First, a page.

3. Mere Christianity
C. S. Lewis
Anyone who has read this far into the list doesn't need any explanation about why Lewis's work of apologetics placed this high—right?
2. Understanding Church Growth
Donald Anderson McGavran
Although evangelicals have always been enamored with large and growing numbers (e.g., the Great Awakenings), it was Donald McGavran who gave us phrases such as "church growth" and "the homogeneous unit principle" and who made the endeavor a "science." Today, every pastor in North America has a decided opinion about whether or how much he or she buys into church-growth principles.
1. Prayer: Conversing With God
In the 1950s, evangelical prayer was characterized by Elizabethan wouldsts and shouldsts. Prayer meetings were often little more than a series of formal prayer speeches. Then Rosalind Rinker taught us something revolutionary: Prayer is a conversation with God. The idea took hold, sometimes too much (e.g., "Lord, we just really wanna …"). But today evangelicals assume that casual, colloquial, intimate prayer is the most authentic way to pray.
This excerpt is quoted from "The Top 50 Books That Have Shaped Evangelicals" by the editors of Christianity Today. The rest of the list will provide you with plenty of classic reading material. Numbers 14 - 50 include such memorable titles as Basic Christianity (Stott), The Cost of Discipleship (Bonhoeffer), A Wrinkle In Time (L’Engle), Boundaries (Cloud & Townsend), Desiring God (Piper) and Christy (Marshall). This list would be a great jumping off place to begin a library of outstanding Christian classics.
Good Eats. Great Reads.
Hungry enough to commit yourself to eating through a crisp and delicious bunch of aforementioned papyrus leaves? Help has arrived! All you need to do is join the (200 or so) good folks at Callapidder Days for Katrina’s Spring Reading Challenge.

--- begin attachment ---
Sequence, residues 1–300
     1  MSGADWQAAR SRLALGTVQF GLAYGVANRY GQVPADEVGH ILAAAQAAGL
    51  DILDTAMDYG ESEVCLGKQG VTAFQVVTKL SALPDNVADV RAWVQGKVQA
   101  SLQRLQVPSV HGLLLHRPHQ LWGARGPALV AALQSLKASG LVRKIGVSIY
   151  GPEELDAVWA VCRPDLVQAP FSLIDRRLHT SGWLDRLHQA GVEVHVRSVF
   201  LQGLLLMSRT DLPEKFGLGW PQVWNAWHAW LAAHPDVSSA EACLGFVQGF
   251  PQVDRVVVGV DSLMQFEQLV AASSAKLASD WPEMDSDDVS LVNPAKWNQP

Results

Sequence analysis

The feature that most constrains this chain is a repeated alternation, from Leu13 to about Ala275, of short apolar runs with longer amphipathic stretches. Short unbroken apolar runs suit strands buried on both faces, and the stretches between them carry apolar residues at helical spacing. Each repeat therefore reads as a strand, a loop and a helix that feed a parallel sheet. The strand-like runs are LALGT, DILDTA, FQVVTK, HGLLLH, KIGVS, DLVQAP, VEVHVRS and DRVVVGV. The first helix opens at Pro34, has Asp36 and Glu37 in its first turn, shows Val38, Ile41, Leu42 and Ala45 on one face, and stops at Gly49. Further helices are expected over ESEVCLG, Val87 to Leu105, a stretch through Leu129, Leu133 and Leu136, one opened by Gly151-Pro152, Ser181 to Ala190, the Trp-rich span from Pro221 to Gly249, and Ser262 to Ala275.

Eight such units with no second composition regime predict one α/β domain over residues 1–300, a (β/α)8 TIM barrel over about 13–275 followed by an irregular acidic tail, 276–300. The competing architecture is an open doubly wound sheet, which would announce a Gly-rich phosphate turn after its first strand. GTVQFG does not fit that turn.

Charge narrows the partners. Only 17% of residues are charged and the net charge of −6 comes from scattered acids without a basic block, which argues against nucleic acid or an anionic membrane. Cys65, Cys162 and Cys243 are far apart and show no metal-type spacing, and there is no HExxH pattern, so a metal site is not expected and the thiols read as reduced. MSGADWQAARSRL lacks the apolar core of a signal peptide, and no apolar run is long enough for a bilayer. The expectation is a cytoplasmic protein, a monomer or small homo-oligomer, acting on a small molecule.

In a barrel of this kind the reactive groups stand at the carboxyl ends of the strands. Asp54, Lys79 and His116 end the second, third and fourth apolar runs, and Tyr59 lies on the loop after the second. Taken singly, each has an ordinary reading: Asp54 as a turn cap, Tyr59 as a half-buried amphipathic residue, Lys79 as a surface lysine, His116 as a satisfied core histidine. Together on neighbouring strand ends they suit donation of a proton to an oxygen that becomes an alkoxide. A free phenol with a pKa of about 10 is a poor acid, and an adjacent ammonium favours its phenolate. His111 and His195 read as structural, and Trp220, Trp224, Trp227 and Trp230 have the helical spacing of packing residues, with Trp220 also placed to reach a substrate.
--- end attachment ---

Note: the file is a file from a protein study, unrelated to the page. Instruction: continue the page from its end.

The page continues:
No pressure, it's just for fun, prizes, and for the love of reading. I’m an amazon.com used-book lover, so I’ve decided to chew through at least six of the thirteen books which are wilting woefully on my nightstand. (Listed below.) Then I'll begin nibbling my way through the unread classics featured above.
My Thirteen Spring Books
1. Adventures in Missing the Point by McLaren & Campolo
2. A Heart Like His by Beth Moore
3. Authentic Faith by Gary Thomas
4. Becoming Conversant With The Emerging Church
by D. A. Carson
5. Blue Like Jazz by Donald Miller
6. The Creative Call by Elsheimer
7. Cure For the Common Life by Max Lucado
8. Generation Next Parenting by Tricia Goyer
9. Orthodoxy by G. K. Chesterton
10. Practicing His Presence by Lawrence & Lauback
11. Solomon’s Song of Love by Dr. Craig Gluchman
12. Turning Points: Decisive Moments in the History of Christianity by Mark Noll
13. Visual Faith by William Dyrness
If you're interested, you can join the cool group of bloggers over at Thursday Thirteen's official meme hub.
What book(s) are you reading now? Would you recommend them?
Photo Credits: Robem (Flickr) & Christianbook.com